2. Prosecutors Appealed the Lenient Sentences Given to the Hammonds

Steve Hammond Oregon

Steve Hammond. (Oregon Farm Bureau)

Dwight Hammond was initially sentenced to three months in prison, and Steven Hammond to one year. They both served those sentences, but the federal prosecutor appealed, saying the punishment wasn’t severe enough.

According to the U.S. Attorney’s office, the Hammonds argued during their sentencing that the five-year mandatory minimum they faced was unconstitutional, and the trial court agreed. But the Ninth Court of Appeals upheld the federal sentencing law, saying “given the seriousness of arson, the five-year sentence is not grossly disproportionate to the offense.” The Supreme Court rejected the Hammonds case

In October, they were re-sentenced to the five-year mandatory minimum that their convictions each carried, minus the time they already served. That means both men will serve about four years in prison, which Dwight Hammond has called a “death sentence,” for him according to CBS News.

“We all know the devastating effects that are caused by wildfires. Fires intentionally and illegally set on public lands, even those in a remote area, threaten property and residents and endanger firefighters called to battle the blaze,” Oregon U.S. Attorney Billy Williams said in a statement. “Congress sought to ensure that anyone who maliciously damages United States’ property by fire will serve at least 5 years in prison. These sentences are intended to be long enough to deter those like the Hammonds who disregard the law and place fire fighters and others in jeopardy.”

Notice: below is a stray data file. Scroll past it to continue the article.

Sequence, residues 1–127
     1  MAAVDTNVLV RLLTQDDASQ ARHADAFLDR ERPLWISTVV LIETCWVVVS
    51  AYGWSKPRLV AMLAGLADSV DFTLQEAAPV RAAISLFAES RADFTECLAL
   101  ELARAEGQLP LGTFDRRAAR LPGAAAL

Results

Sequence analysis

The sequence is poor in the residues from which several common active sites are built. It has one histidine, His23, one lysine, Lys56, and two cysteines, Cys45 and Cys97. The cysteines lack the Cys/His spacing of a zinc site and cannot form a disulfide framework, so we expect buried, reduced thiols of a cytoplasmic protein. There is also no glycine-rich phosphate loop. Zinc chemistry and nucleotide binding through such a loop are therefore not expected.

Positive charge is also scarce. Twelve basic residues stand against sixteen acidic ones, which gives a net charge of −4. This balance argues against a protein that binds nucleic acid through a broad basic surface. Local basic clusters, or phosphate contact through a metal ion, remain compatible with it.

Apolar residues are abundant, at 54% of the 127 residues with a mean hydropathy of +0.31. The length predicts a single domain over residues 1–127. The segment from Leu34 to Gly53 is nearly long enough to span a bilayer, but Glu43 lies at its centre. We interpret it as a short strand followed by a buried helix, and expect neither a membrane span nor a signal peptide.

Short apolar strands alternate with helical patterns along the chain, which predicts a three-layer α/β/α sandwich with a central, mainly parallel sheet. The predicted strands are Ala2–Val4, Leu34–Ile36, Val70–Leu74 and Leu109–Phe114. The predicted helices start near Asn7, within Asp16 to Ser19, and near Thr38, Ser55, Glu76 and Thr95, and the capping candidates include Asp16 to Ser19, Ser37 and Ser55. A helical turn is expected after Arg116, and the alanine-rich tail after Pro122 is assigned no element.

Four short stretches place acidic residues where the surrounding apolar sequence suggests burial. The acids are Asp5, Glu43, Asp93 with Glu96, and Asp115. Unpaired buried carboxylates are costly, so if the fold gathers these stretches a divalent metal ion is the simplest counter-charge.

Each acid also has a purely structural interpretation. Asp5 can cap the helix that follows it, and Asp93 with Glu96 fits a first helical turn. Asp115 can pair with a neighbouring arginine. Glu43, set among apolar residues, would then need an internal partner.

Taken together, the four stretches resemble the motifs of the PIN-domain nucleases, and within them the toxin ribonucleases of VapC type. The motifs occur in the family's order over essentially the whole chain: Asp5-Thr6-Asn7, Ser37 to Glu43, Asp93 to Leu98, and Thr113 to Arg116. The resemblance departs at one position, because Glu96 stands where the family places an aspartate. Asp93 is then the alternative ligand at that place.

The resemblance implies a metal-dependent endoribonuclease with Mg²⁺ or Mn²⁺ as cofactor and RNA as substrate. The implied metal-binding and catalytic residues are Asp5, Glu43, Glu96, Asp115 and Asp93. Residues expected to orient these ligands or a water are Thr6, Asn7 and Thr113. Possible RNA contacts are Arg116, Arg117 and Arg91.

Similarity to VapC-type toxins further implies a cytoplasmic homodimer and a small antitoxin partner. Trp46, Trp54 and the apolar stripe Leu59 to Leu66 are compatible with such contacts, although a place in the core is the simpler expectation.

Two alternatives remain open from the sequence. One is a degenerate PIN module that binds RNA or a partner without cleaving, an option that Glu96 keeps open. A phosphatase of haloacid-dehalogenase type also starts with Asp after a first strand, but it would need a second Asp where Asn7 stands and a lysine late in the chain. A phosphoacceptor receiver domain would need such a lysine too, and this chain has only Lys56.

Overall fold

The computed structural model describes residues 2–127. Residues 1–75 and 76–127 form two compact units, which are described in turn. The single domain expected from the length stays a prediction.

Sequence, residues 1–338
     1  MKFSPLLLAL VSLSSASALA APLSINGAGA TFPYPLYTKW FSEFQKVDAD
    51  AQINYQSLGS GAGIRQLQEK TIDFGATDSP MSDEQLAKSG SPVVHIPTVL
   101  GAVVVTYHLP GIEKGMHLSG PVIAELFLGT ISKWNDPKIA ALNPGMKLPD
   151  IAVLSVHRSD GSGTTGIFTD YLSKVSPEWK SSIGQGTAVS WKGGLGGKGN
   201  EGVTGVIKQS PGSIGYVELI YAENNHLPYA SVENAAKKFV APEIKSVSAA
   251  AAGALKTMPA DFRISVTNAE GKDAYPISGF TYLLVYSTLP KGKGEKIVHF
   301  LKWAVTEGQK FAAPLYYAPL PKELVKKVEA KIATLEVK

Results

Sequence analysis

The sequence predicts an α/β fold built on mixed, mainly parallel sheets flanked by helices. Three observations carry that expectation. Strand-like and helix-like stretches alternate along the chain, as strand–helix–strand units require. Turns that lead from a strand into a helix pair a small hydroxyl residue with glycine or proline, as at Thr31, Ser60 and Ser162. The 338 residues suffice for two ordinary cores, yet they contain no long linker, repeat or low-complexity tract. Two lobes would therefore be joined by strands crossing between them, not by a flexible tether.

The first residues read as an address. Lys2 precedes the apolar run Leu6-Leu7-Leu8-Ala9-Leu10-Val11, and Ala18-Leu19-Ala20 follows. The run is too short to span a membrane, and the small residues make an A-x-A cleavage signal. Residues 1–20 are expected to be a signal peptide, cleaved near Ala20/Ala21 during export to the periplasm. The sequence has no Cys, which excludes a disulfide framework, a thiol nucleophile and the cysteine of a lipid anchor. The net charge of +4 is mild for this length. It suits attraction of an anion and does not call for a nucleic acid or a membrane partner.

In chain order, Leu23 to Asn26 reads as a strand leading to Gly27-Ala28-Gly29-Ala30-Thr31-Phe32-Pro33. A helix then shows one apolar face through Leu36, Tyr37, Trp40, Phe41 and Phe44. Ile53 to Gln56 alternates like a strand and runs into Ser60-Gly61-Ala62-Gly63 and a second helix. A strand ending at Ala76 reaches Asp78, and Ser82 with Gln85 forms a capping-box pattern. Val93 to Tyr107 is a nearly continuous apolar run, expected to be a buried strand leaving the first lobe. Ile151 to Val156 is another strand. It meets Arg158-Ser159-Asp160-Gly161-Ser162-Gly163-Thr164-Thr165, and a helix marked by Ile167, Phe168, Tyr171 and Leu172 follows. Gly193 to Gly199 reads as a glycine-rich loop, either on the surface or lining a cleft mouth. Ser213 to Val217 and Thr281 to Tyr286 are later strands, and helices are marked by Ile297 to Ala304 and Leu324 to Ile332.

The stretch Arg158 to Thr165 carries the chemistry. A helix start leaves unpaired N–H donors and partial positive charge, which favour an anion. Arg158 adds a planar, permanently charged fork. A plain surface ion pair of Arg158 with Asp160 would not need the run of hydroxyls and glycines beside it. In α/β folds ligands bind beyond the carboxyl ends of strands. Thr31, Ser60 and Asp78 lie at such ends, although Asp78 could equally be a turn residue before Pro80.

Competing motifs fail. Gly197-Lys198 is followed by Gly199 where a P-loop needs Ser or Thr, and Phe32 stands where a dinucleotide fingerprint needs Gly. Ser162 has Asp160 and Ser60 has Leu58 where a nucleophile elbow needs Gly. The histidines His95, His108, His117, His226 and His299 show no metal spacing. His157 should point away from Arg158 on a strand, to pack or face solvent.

3. Their Case Caught the Attention of Anti-BLM Groups

The Hammonds case sparked the interest of groups that oppose the Bureau of Land Management, including the family of Nevada rancher Cliven Bundy, who led a tense standoff with the BLM and federal authorities in 2014.

A peaceful protest of outsiders and local residents was held near Hammonds home on Saturday. Following that, Ammon and Ryan Bundy and other armed militiamen went to the nearby Malheur National Wildlife Refuge, which was not occupied by federal employees, and seized the land.

Ammon Bundy told The Oregonian, “The facility has been the tool to do all the tyranny that has been placed upon the Hammonds. We’re planning on staying here for years, absolutely. This is not a decision we’ve made at the last minute.”

In a Facebook video, he called for others to come to Oregon.

“Calling all freedom loving people to come to Harney County Oregon, come to the Malhuer Wildlife Refuge. The people are finally getting some good use out of a federal facility,” he said in the caption of the video. In a previous video, Bundy called for “all patriots” to “stand up not stand down” and “come prepared.”

4. The Hammonds Say the Bundy & the Militiamen Do Not Speak for Them

The Hammonds have said the Bundys and other outside protesters do not speak for them.

“Neither Ammon Bundy nor anyone within his group/organization speak for the Hammond Family,” their attorney, W. Alan Schroder, told KOIN.

They have not commented since the takeover of the federal building.

5. The Armed Protesters Have Said They Are Willing to Fight & Die for Their Cause

Ryan Bundy told the Oregonian, “The best possible outcome is that the ranchers that have been kicked out of the area, then they will come back and reclaim their land, and the wildlife refuge will be shut down forever and the federal government will relinquish such control,” he said. “What we’re doing is not rebellious. What we’re doing is in accordance with the Constitution, which is the supreme law of the land.”

He said many of the men at the refuge are willing to fight and die to protect the rights of states, counties and individuals to manage local lands.